You can write job results to your existing Amazon Redshift cluster.
For sample workflows on Amazon Redshift for Export, view Treasure Boxes.
- Basic knowledge of Arm Treasure Data, including the TD Toolbelt
- An Amazon Redshift cluster setup and running – either a single or multi node cluster
- Query only (or better) privileges to the Treasure Data table to be queried
If a column becomes NULL during conversion, and all records are rejected.
Result Output to Redshift can export data to several regions. Current supported regions are the followings:
- us-east-1 (US Standard)
- us-west-2 (Oregon)
- eu-west-1 (Ireland)
- ap-northeast-1 (Tokyo)
- us-west-1 (N. California)
- ap-southeast-1 (Singapore)
- ap-southeast-2 (Sydney)
- sa-east-1 (São Paulo)
Below regions are not supported:
- us-east-2 (Ohio)
- ap-south-1 (Mumbai)
- ap-northeast-2 (Seoul)
- ca-central-1 (Central)
- eu-central-1 (Frankfurt)
- eu-west-2 (London)
If you have other regions for which you want support, Contact Treasure Data support.
A front-end application streams data to be collected in Treasure Data through Treasure Agent. Treasure Data periodically runs jobs on the data, then writes the job results to your Redshift cluster.
Typically, using an architecture that enables data analysts, well versed in using Redshift, allows them to focus on queries and visualizations rather than how to get the data uploaded.
You can limit the access to your database by using a list of static IPs. Contact firstname.lastname@example.org if you want to use static IP addresses.
Amazon Redshift Configuration
Amazon Redshift can be configured in:
- single node mode
- multi node mode
The multi node configuration provides more query computation power by means of parallelization of the query execution on the available nodes. Multi node configuration is commonly referred to as cluster configuration.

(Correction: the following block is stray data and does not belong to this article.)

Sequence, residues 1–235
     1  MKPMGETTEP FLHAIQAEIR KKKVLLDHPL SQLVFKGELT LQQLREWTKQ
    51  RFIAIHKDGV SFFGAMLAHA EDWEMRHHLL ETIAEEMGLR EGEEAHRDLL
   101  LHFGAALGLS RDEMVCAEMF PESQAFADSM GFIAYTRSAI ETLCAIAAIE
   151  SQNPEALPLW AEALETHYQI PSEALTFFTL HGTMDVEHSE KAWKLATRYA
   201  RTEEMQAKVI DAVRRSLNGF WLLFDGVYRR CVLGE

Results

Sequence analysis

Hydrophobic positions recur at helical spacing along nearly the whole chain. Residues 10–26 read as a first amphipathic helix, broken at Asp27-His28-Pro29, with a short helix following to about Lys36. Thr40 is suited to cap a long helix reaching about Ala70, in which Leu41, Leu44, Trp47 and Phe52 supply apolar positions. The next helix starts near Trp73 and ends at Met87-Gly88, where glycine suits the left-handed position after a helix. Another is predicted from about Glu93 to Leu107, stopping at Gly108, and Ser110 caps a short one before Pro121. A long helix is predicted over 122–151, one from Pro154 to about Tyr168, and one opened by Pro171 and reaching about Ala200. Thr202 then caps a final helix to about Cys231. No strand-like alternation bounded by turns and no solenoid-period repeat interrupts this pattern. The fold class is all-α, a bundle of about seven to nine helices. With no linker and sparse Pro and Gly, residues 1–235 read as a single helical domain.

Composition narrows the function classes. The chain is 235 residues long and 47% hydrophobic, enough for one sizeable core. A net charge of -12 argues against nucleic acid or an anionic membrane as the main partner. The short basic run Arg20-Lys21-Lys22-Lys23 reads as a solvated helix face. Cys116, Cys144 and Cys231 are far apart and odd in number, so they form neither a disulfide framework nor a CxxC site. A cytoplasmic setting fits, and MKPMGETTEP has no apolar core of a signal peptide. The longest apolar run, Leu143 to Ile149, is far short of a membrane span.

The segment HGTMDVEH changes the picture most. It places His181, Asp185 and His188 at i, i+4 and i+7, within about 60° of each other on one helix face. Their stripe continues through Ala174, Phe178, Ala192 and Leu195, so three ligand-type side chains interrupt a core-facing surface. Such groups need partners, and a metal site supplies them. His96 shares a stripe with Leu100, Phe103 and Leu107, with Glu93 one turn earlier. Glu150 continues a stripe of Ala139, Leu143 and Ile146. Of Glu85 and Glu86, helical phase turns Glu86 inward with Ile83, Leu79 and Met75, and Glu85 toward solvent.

Result Output URL
The result output target is represented by URL in the following format:
- redshift is identified for result output to Redshift.
- username and password are the credential to the Amazon Redshift instance. These credentials are specified when first creating the Redshift cluster and they are different from the S3 public/private access keys.
- hostname can be retrieved from the Redshift configuration page. Typically, the format is:
The name is the one provided for the cluster. The instance_id is auto generated by Amazon Redshift when the cluster is created. The region is the Amazon availability zone of choice. If you are using an IP address instead of hostname, you must set
- port is the port number through which the Redshift server is accessible. “:” is optional and assumed to be 5439 by default. It may vary for multi node configurations. The actual value can be retrieved from the Redshift cluster detail page.
- database is the name of the database specified at the creation of the Redshift cluster. It can be retrieved from the Redshift cluster detail page.
- table is the name of a table within the above mentioned database. It may not exist at the moment the query output is executed. If the table does not exist, a table with the specified name is created for the user.
Result output to Redshift supports various options that can be specified as optional URL parameters. The options are compatible with each other and can be combined. Where applicable, the default behavior is indicated.
ssl option determines whether to use SSL or not for connecting to Redshift.
Use SSL from Treasure Data to Redshift connection.
Do not use SSL from Treasure Data to Redshift.
Controls the schema the target table is located. If not specified, a default schema is used. The default schema depends on your search_path setting, but it is usually public.
Specify the region where your Redshift instance is located. This option is required if your hostname does not contain the region name.
Controls the various ways of modifying the database data. The 4 modes are:
The append mode is the default which is used when no mode option is provided in the URL. In this mode, the query results are appended to the table. If the table does not exist, it is created.
The append mode is not atomic because it does not use a temporary table to store the incoming data. Instead, the append mode adds the records directly to the destination table. This is done for efficiency purposes, but might find the destination table in an intermediate state if the write fails during the result output process.